So why (besides inertia, and fear of a heated cat custody battle) is Arnie still around?

(At least, until he reads this.)

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Some Thoughts on Sex and the Bonded Couple

Wednesday, July 23rd, 2014 - by Francis W. Porretto

 shutterstock_119382763

“How times have changed!” rises the cry of every generation. At least, it can seem that way to one unfamiliar with the course of things over time.

I have in mind the recent exchange of thoughts between psychologist Dr. Helen Smith and PJ Media Lifestyle editor Dave Swindle, germinated by the recently publicized case of a man who, feeling that his wife had cut him off sexually, presented her with a spreadsheet detailing their recent encounters. Dr. Helen was sympathetic toward the man:

…it seemed she was confused about his behavior, and said the lack of sex was unusual and that it was because she was just busy with work. From what I remember, she is in her 20s and the couple have been together around five years and married for two and have no kids.

And she seriously wonders why the guy is mad? She has sex three times in seven weeks and he has probably been angry and boiling for some time before that. Why is she posting their problems on Reddit? She mentions his immature behavior; is hers any better? She says he wouldn’t talk to her about the chart etc., so maybe during this quiet time, she should stop and think about her behavior.

But more importantly, the husband should reflect on his marriage and ask himself a few questions. So far, there are no kids. If she lets her job interfere with her sex life, what about the kids? Will he have an eighteen year chart of excuses and pain? If kids are involved and he wants to get out of the marriage then, he is going to have a much harder time. Perhaps he simply needs some quiet time to reflect on what to do, whether this is going to work in the long run and why his wife would turn to strangers on the internet and post his chart on a Reddit site instead of sitting back and giving him some breathing room. This does not reflect well on how things will go for him in the future if they stay married.

…while Dave Swindle was not:

I’m actually going to take the wife’s side in this dispute. I have absolutely ZERO SYMPATHY WHATSOEVER for this loser. Why?

Because it’s not a wife’s responsibility to be her husband’s happy whore, eagerly providing him with his orgasms on demand.

Dissatisfied husbands, want to know the secret to having sex with your wife whenever you want? It is not your wife’s responsibility to be ready to go on command, it’s YOUR responsibility to know your wife so well that you are capable of seducing her anytime. When you want to have sex with her you don’t ask her, you put her in the mood yourself. It’s really that simple: know you wife well enough so you can push the right buttons, say the right things, and create an environment where sex just naturally happens.

Unfortunately, that’s more work than most men are used to for getting orgasms.

The frequency with which the unnamed subjects of the exchange actually “have sex” — Lord, how I detest that phrase! — strikes me as irrelevant. He feels she’s cut him off; she claims to be too busy and tired. Neither mentions whether the lovemaking they actually manage to do is pleasant or fulfilling, whether physically or emotionally. The conflict doesn’t involve sexual satisfaction, but rather sexual receptivity.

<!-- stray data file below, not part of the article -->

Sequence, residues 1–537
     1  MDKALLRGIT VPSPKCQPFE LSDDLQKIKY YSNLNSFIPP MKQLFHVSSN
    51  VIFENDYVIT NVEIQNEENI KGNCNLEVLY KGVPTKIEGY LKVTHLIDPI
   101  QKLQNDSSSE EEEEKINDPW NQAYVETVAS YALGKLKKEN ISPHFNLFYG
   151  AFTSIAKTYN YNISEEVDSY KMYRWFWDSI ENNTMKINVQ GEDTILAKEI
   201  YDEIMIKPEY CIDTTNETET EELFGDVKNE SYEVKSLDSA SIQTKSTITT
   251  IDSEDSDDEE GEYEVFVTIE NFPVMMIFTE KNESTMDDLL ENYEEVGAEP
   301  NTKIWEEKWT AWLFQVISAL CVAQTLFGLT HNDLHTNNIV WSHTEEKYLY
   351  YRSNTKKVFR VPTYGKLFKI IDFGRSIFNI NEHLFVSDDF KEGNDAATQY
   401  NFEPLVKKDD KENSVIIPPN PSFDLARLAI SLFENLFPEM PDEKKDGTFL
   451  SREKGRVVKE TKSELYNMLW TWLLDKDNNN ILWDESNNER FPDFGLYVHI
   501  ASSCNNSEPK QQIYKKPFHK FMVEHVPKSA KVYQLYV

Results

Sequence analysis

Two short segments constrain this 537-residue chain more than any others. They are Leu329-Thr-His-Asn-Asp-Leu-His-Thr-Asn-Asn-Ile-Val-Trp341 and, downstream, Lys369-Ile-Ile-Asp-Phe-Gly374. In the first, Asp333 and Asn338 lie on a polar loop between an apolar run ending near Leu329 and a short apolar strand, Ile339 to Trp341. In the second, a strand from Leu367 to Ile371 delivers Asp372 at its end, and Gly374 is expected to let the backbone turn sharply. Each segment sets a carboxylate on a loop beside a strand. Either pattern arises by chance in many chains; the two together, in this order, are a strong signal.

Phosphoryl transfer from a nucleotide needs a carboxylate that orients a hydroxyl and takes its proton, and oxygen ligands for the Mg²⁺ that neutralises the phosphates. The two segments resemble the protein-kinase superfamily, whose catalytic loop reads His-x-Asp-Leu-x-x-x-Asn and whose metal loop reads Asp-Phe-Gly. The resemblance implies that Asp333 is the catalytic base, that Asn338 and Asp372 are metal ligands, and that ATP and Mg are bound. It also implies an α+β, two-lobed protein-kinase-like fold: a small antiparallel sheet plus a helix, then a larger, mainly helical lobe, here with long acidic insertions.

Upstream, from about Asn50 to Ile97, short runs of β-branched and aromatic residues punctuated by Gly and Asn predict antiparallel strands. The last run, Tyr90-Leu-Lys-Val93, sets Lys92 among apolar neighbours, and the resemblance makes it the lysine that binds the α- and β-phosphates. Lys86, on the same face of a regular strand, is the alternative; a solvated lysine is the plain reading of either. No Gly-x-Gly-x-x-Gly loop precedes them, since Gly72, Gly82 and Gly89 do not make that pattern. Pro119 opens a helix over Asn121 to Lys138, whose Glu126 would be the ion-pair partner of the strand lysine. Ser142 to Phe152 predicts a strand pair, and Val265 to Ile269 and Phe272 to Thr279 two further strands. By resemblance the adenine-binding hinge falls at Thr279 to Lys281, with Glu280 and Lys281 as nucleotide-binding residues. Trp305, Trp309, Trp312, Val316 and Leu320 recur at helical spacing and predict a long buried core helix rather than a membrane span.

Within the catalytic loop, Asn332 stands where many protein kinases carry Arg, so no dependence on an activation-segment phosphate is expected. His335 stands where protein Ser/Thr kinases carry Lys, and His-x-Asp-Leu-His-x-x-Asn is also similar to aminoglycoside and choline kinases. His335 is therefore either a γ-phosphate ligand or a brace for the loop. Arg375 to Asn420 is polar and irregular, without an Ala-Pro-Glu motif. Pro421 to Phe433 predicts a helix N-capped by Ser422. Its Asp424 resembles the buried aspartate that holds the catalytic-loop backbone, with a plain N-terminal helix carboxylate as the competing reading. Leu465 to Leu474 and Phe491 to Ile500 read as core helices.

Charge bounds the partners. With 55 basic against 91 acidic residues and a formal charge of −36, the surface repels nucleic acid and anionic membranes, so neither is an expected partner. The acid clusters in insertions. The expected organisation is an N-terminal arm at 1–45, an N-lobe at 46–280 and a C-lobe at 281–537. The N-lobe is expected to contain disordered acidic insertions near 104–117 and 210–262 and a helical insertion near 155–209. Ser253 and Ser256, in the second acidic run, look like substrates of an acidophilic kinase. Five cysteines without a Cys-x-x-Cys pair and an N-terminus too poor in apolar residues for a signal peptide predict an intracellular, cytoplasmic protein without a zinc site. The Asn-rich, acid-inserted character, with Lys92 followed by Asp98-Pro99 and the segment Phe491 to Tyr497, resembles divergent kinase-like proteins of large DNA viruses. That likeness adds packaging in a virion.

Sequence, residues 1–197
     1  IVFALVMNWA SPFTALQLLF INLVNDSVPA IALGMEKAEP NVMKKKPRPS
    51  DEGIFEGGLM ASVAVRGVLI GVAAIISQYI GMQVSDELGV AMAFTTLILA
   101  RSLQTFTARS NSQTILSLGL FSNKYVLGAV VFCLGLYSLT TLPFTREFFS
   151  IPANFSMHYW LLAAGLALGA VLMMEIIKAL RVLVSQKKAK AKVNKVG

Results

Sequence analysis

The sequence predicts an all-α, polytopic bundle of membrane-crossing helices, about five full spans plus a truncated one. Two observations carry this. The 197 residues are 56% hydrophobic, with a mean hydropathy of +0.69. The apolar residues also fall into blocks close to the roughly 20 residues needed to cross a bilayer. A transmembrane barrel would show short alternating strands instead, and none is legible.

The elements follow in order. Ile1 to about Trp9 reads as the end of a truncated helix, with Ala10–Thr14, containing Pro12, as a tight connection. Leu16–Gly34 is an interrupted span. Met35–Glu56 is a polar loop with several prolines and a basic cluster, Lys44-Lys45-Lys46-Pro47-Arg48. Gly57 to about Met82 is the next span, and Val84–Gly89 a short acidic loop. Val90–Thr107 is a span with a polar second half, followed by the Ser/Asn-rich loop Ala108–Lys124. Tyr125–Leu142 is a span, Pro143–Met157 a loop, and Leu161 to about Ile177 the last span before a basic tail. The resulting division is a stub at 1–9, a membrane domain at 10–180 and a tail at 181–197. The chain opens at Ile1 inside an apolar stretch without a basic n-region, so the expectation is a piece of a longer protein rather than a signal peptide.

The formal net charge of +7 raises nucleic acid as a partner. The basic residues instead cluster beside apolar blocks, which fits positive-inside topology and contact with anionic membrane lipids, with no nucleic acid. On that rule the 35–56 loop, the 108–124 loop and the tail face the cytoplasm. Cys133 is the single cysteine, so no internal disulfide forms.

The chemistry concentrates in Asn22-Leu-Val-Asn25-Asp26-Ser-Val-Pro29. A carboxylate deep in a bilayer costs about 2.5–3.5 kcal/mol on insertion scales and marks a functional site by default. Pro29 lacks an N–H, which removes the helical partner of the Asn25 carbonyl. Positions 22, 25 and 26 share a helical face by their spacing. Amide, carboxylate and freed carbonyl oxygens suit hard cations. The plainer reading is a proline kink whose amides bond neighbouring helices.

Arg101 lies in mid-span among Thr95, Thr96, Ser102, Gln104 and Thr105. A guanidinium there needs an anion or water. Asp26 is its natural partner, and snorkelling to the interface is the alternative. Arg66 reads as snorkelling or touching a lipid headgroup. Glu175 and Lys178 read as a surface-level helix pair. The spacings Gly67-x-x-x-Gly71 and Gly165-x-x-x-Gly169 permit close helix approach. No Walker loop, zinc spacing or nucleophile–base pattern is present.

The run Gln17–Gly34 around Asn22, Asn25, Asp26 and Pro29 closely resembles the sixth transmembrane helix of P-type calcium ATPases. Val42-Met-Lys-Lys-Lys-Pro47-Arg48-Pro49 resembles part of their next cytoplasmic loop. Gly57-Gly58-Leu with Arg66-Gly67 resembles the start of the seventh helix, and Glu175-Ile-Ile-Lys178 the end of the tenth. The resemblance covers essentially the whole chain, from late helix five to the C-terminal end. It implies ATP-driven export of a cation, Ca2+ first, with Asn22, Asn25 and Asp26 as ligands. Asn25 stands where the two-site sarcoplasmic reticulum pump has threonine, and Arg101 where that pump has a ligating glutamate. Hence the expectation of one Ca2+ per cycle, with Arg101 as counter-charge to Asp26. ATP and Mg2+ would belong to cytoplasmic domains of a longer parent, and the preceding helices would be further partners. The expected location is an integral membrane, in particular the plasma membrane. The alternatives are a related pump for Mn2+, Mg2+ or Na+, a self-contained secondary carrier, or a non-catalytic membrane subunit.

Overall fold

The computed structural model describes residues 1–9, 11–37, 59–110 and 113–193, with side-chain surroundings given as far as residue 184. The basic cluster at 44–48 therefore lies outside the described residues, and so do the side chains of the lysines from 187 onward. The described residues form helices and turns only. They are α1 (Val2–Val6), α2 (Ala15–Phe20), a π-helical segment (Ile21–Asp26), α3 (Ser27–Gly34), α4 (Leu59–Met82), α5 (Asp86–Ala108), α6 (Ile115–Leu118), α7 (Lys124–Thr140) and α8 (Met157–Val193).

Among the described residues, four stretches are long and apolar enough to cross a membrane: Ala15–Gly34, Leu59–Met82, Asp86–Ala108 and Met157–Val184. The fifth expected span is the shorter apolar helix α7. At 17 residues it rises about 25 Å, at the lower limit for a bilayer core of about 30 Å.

The questions that should follow aren’t being explicitly addressed.

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Would You Want a Husband This Incompetent at Turning You On?

Monday, July 21st, 2014 - by Dave Swindle
51XZA6TykML._SY344_BO1,204,203,200_

There are plenty of Biblically-based books on the market for men serious about inspiring their wives to want to have more (and better!) sex.

Yesterday, Dr. Helen blogged about a viral story of a husband who compiled a spreadsheet of every time his wife turned down his requests for sex (24/27 over 7 weeks) and who responded by posting it on the internet: “Would You Want a Wife This Clueless About Sex and Your Emotions?“:

And she seriously wonders why the guy is mad? She has sex three times in seven weeks and he has probably been angry and boiling for some time before that. Why is she posting their problems on Reddit? She mentions his immature behavior; is hers any better? She says he wouldn’t talk to her about the chart etc., so maybe during this quiet time, she should stop and think about her behavior.

But more importantly, the husband should reflect on his marriage and ask himself a few questions. So far, there are no kids. If she lets her job interfere with her sex life, what about the kids? Will he have an eighteen year chart of excuses and pain? If kids are involved and he wants to get out of the marriage then, he is going to have a much harder time. Perhaps he simply needs some quiet time to reflect on what to do, whether this is going to work in the long run and why his wife would turn to strangers on the internet and post his chart on a Reddit site instead of sitting back and giving him some breathing room. This does not reflect well on how things will go for him in the future if they stay married.

What do you think?

I’m actually going to take the wife’s side in this dispute. I have absolutely ZERO SYMPATHY WHATSOEVER for this loser. Why?

Because it’s not a wife’s responsibility to be her husband’s happy whore, eagerly providing him with his orgasms on demand.

Dissatisfied husbands, want to know the secret to having sex with your wife whenever you want? It is not your wife’s responsibility to be ready to go on command, it’s YOUR responsibility to know your wife so well that you are capable of seducing her anytime. When you want to have sex with her you don’t ask her, you put her in the mood yourself. It’s really that simple: know you wife well enough so you can push the right buttons, say the right things, and create an environment where sex just naturally happens.